“Doing a diversified portfolio with fewer people to support it is more risky than doing a concentrated portfolio but having enough people to look after every individual deal.”
Guy Hands said this five years ago almost to the day, in an interview with our sister publication Private Equity International magazine. An interview well before EMI, in other words.
When Hands’ buyout firm Terra Firma bought the music company in 2008, the deal took this emphasis on portfolio concentration to another level: €2.2 billion of equity is in play with EMI, or 30 percent of the €7.6 billion Terra Firma raised for its two most recent funds.
Following reports this week that EMI might require yet another equity injection to avoid a catastrophic breach of covenants, it now really is crunch time for Hands, his firm and this asset. The funds’ battered LPs might well balk at the prospect of feeding more money into this deal – one which to many has become a poster child of the perils of buying too high and leveraging too deep – even if it is the only way of salvaging anything from it. The pressure is on.
The predicament brings back memories of the last time Hands lost a high-profile investment. Shortly after the September 11th terrorist attacks, Terra Firma wrote off the £213 million invested in Le Meridien, the hotel group. It was a big set-back, but not big enough to hold back Guy Hands.
In the 2005 interview with PEI, Hands described his investors’ reaction to Meridien as “gratifyingly sophisticated”, because they accepted that no leveraged hospitality business could have coped amid the world’s WTC trauma. Neither did the episode call into question the firm’s emphasis on having few eggs in one basket, he insisted: “The reality is that private equity firms on average write off between 10 and 20 percent of their investments. So if we lose an investment out of the seven or eight in the fund, it will not hit us any harder.”
But with 30 percent of its capital at stake this time around, the blow that may be about to hit Terra Firma could be very hard indeed. As PEI reports in its current edition, Hands still has 45 percent of the current fund left to invest – enough to pull Terra Firma back on to solid ground even if EMI sinks without trace. But from where things are today, the task facing one of London’s most respected deal makers seems Herculean.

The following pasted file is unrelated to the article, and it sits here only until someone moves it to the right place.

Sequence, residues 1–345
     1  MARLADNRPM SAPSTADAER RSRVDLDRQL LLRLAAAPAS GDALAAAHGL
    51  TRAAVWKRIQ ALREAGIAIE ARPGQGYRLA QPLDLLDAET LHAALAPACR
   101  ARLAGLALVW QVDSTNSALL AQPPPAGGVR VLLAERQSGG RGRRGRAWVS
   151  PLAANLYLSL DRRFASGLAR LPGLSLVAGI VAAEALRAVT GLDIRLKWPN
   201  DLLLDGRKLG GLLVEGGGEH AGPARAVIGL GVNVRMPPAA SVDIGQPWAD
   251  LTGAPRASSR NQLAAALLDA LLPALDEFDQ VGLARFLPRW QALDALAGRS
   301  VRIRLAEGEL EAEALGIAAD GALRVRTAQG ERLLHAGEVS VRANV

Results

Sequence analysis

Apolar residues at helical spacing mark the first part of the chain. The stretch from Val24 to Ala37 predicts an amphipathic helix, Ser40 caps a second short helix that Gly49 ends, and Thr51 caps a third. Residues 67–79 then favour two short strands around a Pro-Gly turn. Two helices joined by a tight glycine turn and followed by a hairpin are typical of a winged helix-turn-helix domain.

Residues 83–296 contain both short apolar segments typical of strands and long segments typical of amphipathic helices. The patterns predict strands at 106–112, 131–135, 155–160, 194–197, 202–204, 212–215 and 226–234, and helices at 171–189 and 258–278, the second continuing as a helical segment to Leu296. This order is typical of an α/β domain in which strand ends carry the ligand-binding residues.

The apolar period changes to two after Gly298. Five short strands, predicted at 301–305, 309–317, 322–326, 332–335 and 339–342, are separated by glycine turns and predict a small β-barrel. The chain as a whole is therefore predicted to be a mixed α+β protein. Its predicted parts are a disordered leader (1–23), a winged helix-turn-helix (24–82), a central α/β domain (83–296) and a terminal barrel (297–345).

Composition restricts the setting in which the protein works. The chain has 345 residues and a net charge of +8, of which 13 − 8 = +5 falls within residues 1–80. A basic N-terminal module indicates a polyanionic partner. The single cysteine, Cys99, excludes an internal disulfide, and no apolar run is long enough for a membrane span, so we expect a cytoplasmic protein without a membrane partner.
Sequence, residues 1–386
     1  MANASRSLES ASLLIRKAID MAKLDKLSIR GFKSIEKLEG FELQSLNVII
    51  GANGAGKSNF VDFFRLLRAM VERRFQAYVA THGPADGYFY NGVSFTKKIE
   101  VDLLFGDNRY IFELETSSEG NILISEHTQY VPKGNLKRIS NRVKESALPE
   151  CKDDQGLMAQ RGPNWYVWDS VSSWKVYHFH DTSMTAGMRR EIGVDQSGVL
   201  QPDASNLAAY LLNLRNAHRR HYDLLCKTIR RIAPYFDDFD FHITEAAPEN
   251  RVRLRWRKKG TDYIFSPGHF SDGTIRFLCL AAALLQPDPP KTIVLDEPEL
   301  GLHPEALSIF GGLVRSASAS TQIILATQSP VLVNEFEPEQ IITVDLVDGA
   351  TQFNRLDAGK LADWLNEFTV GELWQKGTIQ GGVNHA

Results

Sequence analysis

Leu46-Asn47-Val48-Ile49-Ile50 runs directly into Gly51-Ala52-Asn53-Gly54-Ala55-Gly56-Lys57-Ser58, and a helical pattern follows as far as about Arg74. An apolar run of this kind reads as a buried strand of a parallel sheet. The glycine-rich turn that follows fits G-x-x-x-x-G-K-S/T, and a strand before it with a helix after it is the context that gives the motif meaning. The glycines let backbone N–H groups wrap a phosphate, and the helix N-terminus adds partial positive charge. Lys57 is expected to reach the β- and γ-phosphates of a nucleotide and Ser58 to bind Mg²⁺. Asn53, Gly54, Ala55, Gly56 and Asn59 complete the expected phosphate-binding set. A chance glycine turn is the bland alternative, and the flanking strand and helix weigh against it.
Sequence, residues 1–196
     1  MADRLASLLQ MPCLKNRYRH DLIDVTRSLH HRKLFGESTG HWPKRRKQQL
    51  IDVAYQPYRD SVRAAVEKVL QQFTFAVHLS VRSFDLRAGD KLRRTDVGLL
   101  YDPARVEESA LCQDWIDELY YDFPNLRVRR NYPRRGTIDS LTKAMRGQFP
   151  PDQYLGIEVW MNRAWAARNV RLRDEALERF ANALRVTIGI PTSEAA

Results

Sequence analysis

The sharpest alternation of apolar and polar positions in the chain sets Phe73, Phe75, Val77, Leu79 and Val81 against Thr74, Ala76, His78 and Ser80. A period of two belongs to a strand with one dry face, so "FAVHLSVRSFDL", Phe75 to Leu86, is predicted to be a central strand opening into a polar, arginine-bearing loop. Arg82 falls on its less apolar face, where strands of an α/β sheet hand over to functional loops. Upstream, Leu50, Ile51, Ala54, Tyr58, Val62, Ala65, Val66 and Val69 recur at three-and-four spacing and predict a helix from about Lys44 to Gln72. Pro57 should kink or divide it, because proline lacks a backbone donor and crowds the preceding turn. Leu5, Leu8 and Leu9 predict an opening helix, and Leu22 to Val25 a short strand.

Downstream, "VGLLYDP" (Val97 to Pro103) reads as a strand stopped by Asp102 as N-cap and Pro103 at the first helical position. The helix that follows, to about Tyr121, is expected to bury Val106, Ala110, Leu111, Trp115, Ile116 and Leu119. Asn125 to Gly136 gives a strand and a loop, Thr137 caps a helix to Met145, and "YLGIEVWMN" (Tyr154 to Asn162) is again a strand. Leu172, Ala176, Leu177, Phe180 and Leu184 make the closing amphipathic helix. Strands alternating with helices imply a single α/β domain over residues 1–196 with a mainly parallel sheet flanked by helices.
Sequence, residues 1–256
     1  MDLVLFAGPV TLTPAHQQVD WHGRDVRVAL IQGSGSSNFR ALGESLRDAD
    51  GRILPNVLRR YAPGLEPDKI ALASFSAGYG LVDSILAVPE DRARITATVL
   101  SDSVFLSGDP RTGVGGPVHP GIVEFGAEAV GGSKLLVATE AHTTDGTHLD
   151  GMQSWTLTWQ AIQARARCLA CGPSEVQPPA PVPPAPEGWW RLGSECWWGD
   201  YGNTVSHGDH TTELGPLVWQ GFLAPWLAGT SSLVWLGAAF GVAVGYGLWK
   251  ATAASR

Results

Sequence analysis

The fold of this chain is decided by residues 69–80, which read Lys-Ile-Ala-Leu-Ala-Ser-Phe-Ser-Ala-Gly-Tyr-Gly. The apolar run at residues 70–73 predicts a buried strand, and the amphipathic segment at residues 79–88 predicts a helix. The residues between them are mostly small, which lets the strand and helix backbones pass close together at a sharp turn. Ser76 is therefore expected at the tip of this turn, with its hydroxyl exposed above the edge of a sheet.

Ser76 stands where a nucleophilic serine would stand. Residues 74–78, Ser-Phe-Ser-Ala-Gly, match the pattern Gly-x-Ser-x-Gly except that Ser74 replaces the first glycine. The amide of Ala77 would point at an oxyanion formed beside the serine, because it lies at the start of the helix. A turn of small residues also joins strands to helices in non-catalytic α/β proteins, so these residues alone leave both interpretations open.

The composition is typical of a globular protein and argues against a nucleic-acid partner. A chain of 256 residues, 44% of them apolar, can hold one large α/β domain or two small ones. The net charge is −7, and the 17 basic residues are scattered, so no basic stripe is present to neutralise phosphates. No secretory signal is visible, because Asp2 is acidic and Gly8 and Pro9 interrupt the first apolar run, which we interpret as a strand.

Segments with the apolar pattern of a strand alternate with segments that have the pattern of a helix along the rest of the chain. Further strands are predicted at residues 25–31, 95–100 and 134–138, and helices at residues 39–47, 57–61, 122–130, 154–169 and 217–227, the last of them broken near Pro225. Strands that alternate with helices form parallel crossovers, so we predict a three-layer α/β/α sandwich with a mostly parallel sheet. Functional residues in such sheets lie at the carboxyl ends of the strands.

As of this week, for the very first time, subscribers to PEO can enjoy full access to the new PEI digital archive. Looking through nearly nine years of private equity coverage from PEI, one is quickly reminded that a key ingredient of private equity investing is the engagement with – and management of – risk. Blind pools exist because investors are backing managers to find assets that have the potential to deliver exceptional returns. But no one – be they GP or LP – should forget the fact that they can also deliver exceptional losses.
So if you’re interested in PEI’s latest report on the EMI saga for instance, click here. And if you want to know how Guy Hands saw the world five years ago, click here – it’s a fascinating and revealing read.
“I know where I am aiming to be in 20 years. And I believe I'll get there,” was how he concluded the interview at the time. Right now many must be thinking that the route – let alone the destination – must have changed for Hands. But is that the same as writing him and Terra Firma off? Hopefully not, because another ingredient of private equity evident in our new archive is that of resilience. The fat lady hasn’t sung on EMI – and it hasn’t sung on Guy Hands, either.